To achieve this bottom-up solution using regulatory data management as the cornerstone, fund managers can go down one of two paths: firstly, they choose to own it themselves and come up with an in-house proprietary solution. Whilst this would allow managers to keep all the expertise internally, with staff collecting and analysing the data, building data mapping tools and so on, the question is: Is that why investors allocate to a fund manager in the first place? In addition, in the face of fee pressure, are managers prepared to make the necessary financial commitment to build a scalable, sustainable regulatory data management program?
At the end of the day, they are investment specialists not data scientists or technology specialists.
The second option is to leverage an outsourced solution where, one could argue, an outsourced partner can handle the data management challenge in a more focused way.
“Increasingly, we have seen managers wanting to outsource. They see the benefits. They appreciate it’s extremely important and they understand that data management isn’t their core competence,” says Masterson. “Plus, they don’t want to be in the business of identifying, selecting, implementing and monitoring disparate regulatory application providers.”
“Regulatory data management is an aspiration for a lot of firms,” adds Byrne. “With the best intentions, many firms are cobbling systems together and there isn’t much of a holistic approach. Only the largest firms are really pursuing data warehouses and data models on their own and keeping things in-house. Most are muddling through, and not in a scalable way.”
One of the clear advantages to creating a top-down, bottom-up solution to overcome the complexities of regulatory compliance is that it will allow firms to future-proof their operations.
As Masterson says: “At the Firm Compliance level, it’s a very flexible platform. As a new governance requirement comes on stream, you can manage and monitor that requirement through this type of platform. A lot of firms using our solution also really like the workflow document management and tracking component.
“On the data management side, when you are collecting data and realise you’re subject to a new reporting requirement, if the platform is designed appropriately, integration of the new regulatory reporting application and the requisite clean, accurate, timely data can be leveraged accordingly.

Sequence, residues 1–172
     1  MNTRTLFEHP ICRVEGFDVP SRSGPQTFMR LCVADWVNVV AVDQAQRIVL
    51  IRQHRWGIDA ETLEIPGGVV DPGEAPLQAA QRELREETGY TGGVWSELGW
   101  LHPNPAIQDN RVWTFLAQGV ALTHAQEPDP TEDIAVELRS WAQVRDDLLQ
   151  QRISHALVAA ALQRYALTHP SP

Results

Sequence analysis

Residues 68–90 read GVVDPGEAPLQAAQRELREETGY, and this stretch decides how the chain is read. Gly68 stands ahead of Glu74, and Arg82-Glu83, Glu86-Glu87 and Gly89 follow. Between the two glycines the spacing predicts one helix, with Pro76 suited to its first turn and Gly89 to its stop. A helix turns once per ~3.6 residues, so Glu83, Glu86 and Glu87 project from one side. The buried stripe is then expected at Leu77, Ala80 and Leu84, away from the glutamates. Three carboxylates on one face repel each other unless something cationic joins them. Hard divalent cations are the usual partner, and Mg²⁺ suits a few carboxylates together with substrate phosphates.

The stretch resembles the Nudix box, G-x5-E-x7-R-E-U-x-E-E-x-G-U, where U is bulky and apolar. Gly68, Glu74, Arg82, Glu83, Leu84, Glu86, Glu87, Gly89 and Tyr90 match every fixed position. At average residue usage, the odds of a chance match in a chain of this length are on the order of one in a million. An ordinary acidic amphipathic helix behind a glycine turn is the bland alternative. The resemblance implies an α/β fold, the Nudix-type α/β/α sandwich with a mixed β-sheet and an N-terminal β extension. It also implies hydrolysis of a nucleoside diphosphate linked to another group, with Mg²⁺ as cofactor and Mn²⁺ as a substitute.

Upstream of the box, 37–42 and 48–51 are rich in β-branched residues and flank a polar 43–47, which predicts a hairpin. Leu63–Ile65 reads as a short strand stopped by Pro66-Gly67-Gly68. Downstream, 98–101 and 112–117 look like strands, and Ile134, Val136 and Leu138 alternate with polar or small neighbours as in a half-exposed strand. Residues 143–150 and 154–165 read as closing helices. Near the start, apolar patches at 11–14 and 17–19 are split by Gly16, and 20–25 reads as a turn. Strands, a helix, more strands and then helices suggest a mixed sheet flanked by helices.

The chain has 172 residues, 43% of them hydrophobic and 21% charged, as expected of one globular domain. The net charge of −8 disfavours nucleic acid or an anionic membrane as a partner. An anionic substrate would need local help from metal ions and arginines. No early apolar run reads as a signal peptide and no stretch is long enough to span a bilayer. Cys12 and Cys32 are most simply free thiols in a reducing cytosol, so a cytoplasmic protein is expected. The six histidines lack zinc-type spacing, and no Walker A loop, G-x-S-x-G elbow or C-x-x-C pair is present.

“You might need to include some additional data fields but with the core functionality already in place, it makes it infinitely easier to comply with that new regulatory requirement.”
The key point to make here is that as fund managers grapple with things from a regulatory compliance and a regulatory data management perspective, are there better ways of doing things? When firms are facing fee compression and there’s serious competition for resources, what is the most cost-effective way of achieving long-term, scalable compliance? And can firms continuously evolve and innovate in a silo?
Take SEI for an example. “One of the value-adds of our platform is the analytics component,” says Byrne. “That is, because of the volume of data flowing through our platform, we now have enough of a database where we can provide best practices to clients and say, ‘For this question, 60 per cent of managers answered it this particular way’.
“And importantly, we also have functionality where we can cross-reference things such as regulatory AUM; in one form, a client might have answered it like this and in another form they answered it like that, so let’s do some reconciliation work to make sure everything stays consistent. The data validation protocols are important.
Adds Masterson: “The SEC, for example, is looking closely at firms’ Form ADV and other regulatory reports to ensure consistent information and if there are inconsistencies, that quickly becomes an unwanted conversation during an exam that can lead to potential problems.”
With these two ends of the spectrum locked down, in terms of regulatory data management and having the ability to centralise and digitise all compliance activities, fund managers will be in a better position to meet the ongoing regulatory compliance demands as cost-effectively as possible. And better utilise new regulatory applications that come on stream.
By doing so, they will be able to present themselves in the best possible light to global regulators and investors.